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Ghost in the Shell 2: Innocence - animated DVD review
Ghost in the Shell 2: Innocence rated PG-13 by the Motion Picture Association of America rating: 3 stars
Actors: Akio Ôtsuka, Atsuko Tanaka, Kôichi Yamadera, Tamio Ôki, Yutaka Nakano
Director: Mamoru Oshii   Studio: Dreamworks Video
DVD release: 28 Dec. 2004   Runtime: 100 minutes (1 disc)
Format: AC-3, Animated, Color, Dolby, Subtitled, Widescreen, NTSC
DVD Features: Subtitles (English, French), Audio Tracks (Japanese, Dolby Digital 5.1; Japanese, Dolby Digital 2.0), Filmmaker Commentary, "The Making of Ghost in the Shell 2: Innocence," Trailers

Having not seen the first Ghost in the Shell, I can't compare this sequel to the original; I went in with no preconceptions or expectations. That said, this film as absolutely stunning visually. The combination of 2-D animation and 3-D CGI is absolutely amazing and sucked me in right from the start. The story is of Bato, a cyborg detective for the anti- terrorist unit Public Security Section 9, and his partner Togusa's investigation of a female robot (created only for sexual pleasure) that slaughtered her owner.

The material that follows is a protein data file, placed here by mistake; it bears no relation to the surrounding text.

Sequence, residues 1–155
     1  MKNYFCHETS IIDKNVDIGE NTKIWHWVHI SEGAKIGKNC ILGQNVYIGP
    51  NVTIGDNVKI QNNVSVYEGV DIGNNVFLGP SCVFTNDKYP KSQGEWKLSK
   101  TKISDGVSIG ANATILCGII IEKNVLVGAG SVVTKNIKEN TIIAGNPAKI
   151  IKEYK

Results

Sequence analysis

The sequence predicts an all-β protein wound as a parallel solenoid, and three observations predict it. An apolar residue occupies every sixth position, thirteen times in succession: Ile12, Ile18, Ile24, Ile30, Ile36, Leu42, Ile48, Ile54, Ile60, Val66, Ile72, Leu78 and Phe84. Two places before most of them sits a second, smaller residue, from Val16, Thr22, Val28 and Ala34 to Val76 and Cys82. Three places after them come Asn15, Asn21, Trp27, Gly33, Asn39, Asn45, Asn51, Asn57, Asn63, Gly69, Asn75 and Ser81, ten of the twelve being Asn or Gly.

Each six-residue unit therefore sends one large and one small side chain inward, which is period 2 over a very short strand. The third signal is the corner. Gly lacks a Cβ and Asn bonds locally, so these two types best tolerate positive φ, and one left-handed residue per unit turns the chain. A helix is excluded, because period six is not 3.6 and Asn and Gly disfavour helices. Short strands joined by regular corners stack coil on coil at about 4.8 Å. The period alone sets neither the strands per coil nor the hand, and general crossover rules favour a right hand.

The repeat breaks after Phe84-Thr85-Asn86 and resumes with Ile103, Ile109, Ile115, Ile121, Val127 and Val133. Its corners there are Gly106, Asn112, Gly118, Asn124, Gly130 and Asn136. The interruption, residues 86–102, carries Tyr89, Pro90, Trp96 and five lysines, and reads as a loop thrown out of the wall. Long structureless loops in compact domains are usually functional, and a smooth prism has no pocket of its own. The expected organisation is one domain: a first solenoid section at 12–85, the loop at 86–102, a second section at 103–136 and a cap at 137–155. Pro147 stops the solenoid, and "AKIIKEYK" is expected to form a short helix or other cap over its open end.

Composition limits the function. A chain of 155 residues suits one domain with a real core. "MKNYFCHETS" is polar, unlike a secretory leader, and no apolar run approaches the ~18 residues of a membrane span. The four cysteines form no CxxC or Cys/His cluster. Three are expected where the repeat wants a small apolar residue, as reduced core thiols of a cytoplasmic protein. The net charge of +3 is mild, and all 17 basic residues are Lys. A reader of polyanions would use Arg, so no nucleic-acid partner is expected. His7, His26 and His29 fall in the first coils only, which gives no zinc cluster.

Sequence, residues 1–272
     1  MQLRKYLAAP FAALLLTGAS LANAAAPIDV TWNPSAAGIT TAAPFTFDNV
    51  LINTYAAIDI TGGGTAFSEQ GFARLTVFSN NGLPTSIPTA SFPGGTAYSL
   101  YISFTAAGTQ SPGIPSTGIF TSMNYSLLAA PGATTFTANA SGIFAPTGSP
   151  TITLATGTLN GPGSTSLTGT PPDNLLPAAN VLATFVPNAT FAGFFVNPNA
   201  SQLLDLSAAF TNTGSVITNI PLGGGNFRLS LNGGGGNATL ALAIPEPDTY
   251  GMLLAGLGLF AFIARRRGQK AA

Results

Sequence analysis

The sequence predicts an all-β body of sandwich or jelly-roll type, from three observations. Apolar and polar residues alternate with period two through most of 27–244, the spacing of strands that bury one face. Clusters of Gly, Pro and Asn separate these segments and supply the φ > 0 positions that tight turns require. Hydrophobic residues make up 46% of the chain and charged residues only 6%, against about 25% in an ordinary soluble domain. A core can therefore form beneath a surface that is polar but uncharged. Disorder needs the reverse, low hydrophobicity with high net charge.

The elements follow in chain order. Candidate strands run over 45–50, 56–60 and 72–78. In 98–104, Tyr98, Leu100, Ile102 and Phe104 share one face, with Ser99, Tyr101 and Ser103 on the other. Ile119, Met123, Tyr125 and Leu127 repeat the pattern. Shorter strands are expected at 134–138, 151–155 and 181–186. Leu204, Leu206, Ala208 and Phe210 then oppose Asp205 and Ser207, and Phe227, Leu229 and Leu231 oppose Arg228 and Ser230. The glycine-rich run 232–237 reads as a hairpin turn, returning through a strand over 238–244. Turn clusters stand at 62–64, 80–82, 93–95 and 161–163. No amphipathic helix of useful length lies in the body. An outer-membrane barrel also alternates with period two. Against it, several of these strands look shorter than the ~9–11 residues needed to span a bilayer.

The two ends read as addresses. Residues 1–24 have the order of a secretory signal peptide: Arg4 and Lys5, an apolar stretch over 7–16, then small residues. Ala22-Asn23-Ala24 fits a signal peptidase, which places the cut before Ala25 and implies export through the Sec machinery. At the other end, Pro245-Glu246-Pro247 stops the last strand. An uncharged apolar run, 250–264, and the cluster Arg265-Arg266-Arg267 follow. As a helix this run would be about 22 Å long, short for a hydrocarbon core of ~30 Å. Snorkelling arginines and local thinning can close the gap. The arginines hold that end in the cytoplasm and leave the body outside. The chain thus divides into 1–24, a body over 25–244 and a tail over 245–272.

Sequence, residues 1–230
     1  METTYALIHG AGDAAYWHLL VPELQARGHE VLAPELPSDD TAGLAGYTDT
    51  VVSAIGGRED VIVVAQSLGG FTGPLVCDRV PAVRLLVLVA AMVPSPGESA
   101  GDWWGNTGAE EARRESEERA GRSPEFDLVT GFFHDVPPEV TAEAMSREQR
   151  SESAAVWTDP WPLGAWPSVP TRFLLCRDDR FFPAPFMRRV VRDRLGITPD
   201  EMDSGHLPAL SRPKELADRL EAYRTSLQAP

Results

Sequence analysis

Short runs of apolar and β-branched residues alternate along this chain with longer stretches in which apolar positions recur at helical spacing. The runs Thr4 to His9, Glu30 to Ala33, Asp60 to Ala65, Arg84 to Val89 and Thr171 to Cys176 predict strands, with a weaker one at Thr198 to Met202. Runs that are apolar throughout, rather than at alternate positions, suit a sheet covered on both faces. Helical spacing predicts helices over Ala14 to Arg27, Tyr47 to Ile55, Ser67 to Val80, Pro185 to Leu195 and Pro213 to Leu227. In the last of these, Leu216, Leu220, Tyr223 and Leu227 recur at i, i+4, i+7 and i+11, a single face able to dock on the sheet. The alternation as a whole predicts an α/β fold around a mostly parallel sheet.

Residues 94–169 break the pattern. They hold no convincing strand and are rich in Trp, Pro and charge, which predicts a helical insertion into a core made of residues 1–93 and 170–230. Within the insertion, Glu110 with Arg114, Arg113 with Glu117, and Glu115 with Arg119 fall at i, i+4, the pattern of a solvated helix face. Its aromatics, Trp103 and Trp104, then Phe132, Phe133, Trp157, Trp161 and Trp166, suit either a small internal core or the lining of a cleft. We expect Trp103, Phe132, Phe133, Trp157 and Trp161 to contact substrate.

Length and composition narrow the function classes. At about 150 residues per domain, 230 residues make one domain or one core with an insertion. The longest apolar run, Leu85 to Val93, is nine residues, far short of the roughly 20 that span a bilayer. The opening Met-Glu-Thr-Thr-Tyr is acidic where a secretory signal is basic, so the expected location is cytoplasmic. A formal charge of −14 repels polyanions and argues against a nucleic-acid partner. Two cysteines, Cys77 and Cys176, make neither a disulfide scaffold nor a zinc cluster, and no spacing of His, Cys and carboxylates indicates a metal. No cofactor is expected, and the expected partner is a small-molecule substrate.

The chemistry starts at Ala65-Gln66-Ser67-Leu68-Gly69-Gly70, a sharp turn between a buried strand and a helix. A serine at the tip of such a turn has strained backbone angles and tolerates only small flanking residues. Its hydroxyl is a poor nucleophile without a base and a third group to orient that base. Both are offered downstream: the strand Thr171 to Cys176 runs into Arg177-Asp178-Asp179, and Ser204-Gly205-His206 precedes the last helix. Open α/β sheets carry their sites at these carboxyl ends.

While the animation is incredible, the story falls flat. The characters wax philosophical for most of the movie, which seems to fall in love with its own intelligence. The dialogue plays out like a game of quote poker: I'll match your psalm and raise you one Milton and two Freuds. This is not a knock on the film as a whole. I understand what it attempts with its search for deeper meaning and symbolism, but there could have been a better balance struck with the dialogue. Staunch supporters of the film may say that "any movie that engages your brain need not make any apologies." That may be true, but gratuitous intelligence can be just as not entertaining as gratuitous sex or violence. This is far from a stupid movie, but those who will blindly support it just because it is a "smart" film shouldn't knock those expecting an action-packed film with deeper meaning as opposed to a philosophical film with some action.

As to the DVD experience itself? Not having it dubbed in English is a faux pas, but having only one subtitle option ranks as an even bigger mistake - a hearing-impaired track where background noise, idle chatter, and rain pop up when you can obviously hear it. Is that enough for me to totally blast the film? No - but it does take the level of enjoyment down several notches. I understand anime fans' passion and can relate to having nuances make a big difference; ultimately, though, the visuals glow with such lush beauty that I simply cannot pan the film for this blunder. Overall, this is a great visual treat for the eyes. The only real negative is the DVD presentation.
reviewed by Bobby Blades
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